C. F. Hathaway Company

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C. F. Hathaway Company was a private manufacturer of shirts for men and boys, located in Waterville, Maine. It was founded in 1837 and made uniform shirts for Union soldiers during the American Civil War. The company closed its Maine factory in 2002, making it the second to last major American shirt company to produce shirts in the United States.[1] Only Gittman Bros. in northeast Pennsylvania continued at that time.[citation needed]

Hathaway is most famous for its "man with an eye patch" advertising campaign created by Ogilvy & Mather in 1951.[2] Inspired by a picture of public servant Lewis Douglas, who had lost an eye in a fishing accident,[3] David Ogilvy recruited Baron George Wrangell, a Russian aristocrat with 20/20 vision, to appear in the ads.[4] The campaign was selected by Advertising Age as #22 on its list of the greatest ad campaigns of the 20th century.[5]

The "Hathaway man" reappeared in a 1993 sketch on Saturday Night Live, played by Phil Hartman sans moustache. The Hathaway man works to get a discouraged hand model who lost part of a finger in a car accident back into modeling.[citation needed]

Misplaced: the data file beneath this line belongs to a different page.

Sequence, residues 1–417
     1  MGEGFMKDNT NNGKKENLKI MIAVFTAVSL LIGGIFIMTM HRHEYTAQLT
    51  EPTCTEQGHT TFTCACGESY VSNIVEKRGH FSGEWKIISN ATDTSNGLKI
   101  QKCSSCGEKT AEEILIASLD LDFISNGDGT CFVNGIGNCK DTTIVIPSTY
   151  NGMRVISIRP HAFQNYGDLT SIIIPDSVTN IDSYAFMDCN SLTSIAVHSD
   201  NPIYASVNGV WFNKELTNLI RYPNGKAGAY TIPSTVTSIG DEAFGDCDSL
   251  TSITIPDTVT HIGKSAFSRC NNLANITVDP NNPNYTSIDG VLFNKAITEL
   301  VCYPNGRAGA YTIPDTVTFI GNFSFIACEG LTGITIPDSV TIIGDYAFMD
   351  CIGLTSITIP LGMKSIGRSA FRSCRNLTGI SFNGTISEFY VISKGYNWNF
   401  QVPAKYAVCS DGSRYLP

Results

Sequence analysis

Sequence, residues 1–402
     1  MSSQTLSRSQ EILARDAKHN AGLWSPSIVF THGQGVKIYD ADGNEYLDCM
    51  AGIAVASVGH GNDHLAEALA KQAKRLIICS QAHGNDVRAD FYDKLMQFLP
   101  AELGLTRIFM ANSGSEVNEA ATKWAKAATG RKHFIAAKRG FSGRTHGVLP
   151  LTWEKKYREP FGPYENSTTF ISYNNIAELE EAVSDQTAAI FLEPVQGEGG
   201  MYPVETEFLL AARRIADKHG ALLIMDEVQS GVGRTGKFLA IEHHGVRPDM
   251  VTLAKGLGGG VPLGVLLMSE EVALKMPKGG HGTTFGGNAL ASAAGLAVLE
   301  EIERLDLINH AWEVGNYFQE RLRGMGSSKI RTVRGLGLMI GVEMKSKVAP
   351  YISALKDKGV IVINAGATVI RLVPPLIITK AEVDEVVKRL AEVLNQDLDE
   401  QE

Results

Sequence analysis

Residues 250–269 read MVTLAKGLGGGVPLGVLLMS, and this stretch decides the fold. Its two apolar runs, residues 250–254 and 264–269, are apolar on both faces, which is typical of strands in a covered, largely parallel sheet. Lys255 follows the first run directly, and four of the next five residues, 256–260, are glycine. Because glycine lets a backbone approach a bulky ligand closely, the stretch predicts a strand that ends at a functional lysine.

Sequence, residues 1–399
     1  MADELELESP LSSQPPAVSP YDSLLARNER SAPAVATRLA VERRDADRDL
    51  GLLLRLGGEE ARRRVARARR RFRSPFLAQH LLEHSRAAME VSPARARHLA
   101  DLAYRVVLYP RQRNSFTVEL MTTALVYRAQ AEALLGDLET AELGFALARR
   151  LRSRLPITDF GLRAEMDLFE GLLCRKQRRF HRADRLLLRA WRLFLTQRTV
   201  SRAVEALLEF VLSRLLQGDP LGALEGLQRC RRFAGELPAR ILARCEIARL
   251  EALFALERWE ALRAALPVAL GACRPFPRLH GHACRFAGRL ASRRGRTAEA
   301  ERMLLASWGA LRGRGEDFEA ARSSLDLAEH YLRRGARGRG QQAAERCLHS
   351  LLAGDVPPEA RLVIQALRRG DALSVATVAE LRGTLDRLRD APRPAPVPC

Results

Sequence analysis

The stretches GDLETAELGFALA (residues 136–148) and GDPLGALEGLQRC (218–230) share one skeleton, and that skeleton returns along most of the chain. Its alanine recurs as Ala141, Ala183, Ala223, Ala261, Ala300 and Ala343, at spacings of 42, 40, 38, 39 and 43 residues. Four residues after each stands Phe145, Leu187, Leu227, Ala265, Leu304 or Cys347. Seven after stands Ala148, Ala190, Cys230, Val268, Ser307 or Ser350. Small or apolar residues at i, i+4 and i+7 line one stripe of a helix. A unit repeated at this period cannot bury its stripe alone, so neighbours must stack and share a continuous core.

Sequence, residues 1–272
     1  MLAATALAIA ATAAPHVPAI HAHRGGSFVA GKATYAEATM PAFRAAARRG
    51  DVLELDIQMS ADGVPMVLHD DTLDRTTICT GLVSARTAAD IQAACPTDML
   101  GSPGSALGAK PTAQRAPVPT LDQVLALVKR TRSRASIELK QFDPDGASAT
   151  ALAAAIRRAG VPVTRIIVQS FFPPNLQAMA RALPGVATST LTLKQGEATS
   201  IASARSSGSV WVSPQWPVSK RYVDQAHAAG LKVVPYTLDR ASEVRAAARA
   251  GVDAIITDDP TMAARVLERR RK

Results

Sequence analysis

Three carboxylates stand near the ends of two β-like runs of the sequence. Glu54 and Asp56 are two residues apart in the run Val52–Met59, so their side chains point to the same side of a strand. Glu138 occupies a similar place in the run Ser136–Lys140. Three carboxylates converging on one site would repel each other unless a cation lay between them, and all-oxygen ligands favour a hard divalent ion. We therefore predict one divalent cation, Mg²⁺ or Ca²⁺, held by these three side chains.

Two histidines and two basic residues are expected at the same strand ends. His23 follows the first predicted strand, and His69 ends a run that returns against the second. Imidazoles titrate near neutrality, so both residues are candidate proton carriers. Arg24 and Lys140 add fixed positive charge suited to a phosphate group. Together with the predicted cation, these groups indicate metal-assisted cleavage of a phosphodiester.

References[edit]

  1. ^ "Hathaway Closes Maine Factory, Last Major U.S. Shirt Plant". The New York Times. 2002-10-20. Retrieved 2008-04-02. 
  2. ^ "The Rise and Fall of David Ogilvy". Bloomberg Businessweek. 2009-01-08. Retrieved 2010-11-02. 
  3. ^ "One Eyed Flattery". Time. 1952-06-23. Retrieved 2008-04-02. 
  4. ^ "Baron George Wrangell obituary". Time. 1969-06-20. Retrieved 2008-04-02. 
  5. ^ Bob Garfield. "Top 100 Advertising Campaigns". Advertising Age. Retrieved February 15, 2012. 

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